Saxophonist Gary Meek is a Californian who has performed and recorded with the fabled Brazilian musicians, vocalist Flora Purim and percussionist Airto Moreira. Meek boasts a lengthy resume that includes stints with keyboardist Jeff Lorber, drummer Alphonse Mouzon and others. Here, Purim and Moreira continue their longtime affiliation with Meek by lending their wares to this gratifyingly fashioned program.
Meek seems equally comfortable performing in a variety of formats, witnessed by his sprightly rendition of Charlie Parker’s “Be-Bop," to complement a series of contemporary jazz frameworks. Among the highlights is Meek’s lushly romantic soprano sax work during the group’s affectionate interpretation of Chick Corea’s gorgeous piece titled, “Time’s Lie.” Whereas Ms. Purim harmonizes to the primary theme, as she did on the original rendering of this minor classic. However, Meek and co. opt for a shift in strategy by elevating this piece into an airy swing vamp.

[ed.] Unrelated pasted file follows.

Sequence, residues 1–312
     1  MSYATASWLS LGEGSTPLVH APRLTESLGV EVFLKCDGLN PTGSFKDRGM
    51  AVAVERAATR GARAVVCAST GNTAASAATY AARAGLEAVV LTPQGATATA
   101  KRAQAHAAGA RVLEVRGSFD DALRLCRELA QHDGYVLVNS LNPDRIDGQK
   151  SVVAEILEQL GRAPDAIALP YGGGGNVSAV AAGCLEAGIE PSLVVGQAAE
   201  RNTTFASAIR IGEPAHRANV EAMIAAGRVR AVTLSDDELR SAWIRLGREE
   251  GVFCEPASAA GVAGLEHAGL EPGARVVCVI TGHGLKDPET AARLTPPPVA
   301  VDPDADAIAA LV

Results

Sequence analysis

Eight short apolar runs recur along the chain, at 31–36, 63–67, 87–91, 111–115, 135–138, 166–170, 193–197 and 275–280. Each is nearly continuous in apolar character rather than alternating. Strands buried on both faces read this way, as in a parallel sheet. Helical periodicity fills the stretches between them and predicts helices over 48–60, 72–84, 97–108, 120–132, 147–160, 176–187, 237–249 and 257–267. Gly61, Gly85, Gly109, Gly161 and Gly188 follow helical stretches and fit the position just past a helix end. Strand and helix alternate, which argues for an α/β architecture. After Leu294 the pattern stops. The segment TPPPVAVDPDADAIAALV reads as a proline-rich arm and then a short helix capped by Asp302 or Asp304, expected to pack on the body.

Meek melds emotive balladry with the horn section’s bawdy choruses during the standard, “Harlem Nocturne.” Hence, the saxophonist and his band-mates communicate a cheery disposition, thanks in part to a sequence of uplifting arrangements and memorably tuneful themes. Recommended...
I was first exposed to jazz when I discovered that one of Jimi Hendrix's influences was Wes Montgomery. I played guitar growing up and idolized Hendrix, so I knew that anyone he looked up to must be good
I was first exposed to jazz when I discovered that one of Jimi Hendrix's influences was Wes Montgomery. I played guitar growing up and idolized Hendrix, so I knew that anyone he looked up to must be good. I was 16 at the time. I went to Tower Records and purchased a CD by Wes, and I was hooked from the very first ten seconds. The sound of the song Lolita illuminated my bedroom, as I just sat back amazed at how colorful and soulful this music was--I understood it, even though at the time I didn't understand how to go about playing it. I get chills listening to Wes' solo on Lolita, and I can still listen to that song ten times in a row and never get tired of it. There is a truly timeless quality to genuinely spontaneous jazz music, and it is that quality that has inspired me to devote my life to studying and playing this music.